If you're a gamer or a typist, you probably know how important it is to have a good keyboard. One essential component of a keyboard is its switches. There are different types of switches, but mechanical switches are among the most popular. In this article, we'll explore the three types of mechanical switches commonly used in keyboards.
What are Mechanical Keyboard Switches?
Mechanical switches are switches that use a physical mechanism to register a keypress. They are known for their tactile feedback, durability, and customization options. Unlike membrane switches, which use a rubber dome to complete a circuit, mechanical switches use individual switches for each key. There are three types of mechanical switches: Linear switches, Tactile switches, and Clicky switches. Let's take a closer look at each and which one we rank to be the least to quietest keyboard switches.
Rank #3: Clicky switches – Loudest Clicking Sound
Clicky switches are like tactile switches, but they also produce an audible click when a key is pressed. Clicky switches have a tactile bump and an audible click, which gives the user both physical and audible feedback. Clicky switches are often preferred by typists who need to hear each keypress. One example of a clicky switch is the Cherry MX Blue. It requires 50g of force to actuate and has a total travel distance of 4mm. The Cherry MX Blue has a tactile bump and an audible click, which makes it easy to feel and hear each keypress. Another example of a clicky switch is the Kailh Box Jade. It is like the Cherry MX Blue in terms of actuation force and travel distance, but it is more tactile and produces a louder click. The Kailh Box Jade is often used by writers and programmers who need a keyboard with a lot of feedback.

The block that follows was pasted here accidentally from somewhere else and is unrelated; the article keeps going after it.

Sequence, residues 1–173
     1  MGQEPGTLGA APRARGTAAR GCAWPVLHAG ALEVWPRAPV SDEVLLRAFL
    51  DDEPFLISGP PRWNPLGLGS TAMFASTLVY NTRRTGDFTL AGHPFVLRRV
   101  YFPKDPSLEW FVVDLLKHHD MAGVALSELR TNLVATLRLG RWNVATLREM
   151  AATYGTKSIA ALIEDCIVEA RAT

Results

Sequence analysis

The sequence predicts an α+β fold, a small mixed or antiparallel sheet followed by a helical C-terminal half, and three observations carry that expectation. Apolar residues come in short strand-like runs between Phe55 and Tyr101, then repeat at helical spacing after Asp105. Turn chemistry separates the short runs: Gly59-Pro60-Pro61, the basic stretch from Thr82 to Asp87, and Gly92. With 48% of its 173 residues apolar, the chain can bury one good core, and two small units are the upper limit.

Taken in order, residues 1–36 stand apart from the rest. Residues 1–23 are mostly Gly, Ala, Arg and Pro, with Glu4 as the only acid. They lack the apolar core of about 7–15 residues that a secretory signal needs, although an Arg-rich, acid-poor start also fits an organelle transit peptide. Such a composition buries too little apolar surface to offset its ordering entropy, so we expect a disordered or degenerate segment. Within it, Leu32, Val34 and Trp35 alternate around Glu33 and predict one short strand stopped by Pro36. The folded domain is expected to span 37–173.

Rank #2: Tactile switches – Quiet Clicking Sound
Tactile switches provide tactile feedback when a key is pressed. They have a bump in the middle of the keystroke that gives the user a physical indication of when the switch has been activated. Tactile switches are often preferred by typists who need to feel each keypress. One example of a tactile switch is the Cherry MX Brown. It requires 45g of force to actuate and has a total travel distance of 4mm. The Cherry MX Brown has a tactile bump in the middle of the keystroke, which makes it easier to feel when a key has been pressed. Another example of a tactile switch is the Kailh Box Brown. It is similar to the Cherry MX Brown in terms of actuation force and travel distance, but it is more durable and resistant to dust and moisture. The Kailh Box Brown is often used in keyboards that need to withstand harsh environments. These are best to be used with POM Jelly Keycaps
Rank #1: Linear switches – Quietest Clicking Sound
Linear switches are the simplest type of mechanical switch. They have a smooth linear action with no tactile feedback or audible click. Linear switches are often preferred by gamers who need fast and precise keystrokes. One example of a linear switch is the Cherry MX Red. It requires 45g of force to actuate and has a total travel distance of 4mm. The Cherry MX Red is often used in gaming keyboards because of its fast actuation point and low force requirement. Another example of a linear switch is the Gateron Red. It is like the Cherry MX Red in terms of actuation force and travel distance, but it is smoother and quieter. The Gateron Red we rank it as the quietest keyboard switches. Also, these switches are best with Aritsan keycaps.
In conclusion, mechanical switches are an essential component of any keyboard. They provide tactile feedback, durability, and customization options that membrane switches simply can't match. Linear switches are perfect for gamers who need fast and precise keystrokes, while tactile switches are ideal for typists who need to feel each keypress. Clicky switches are a great choice for writers and programmers.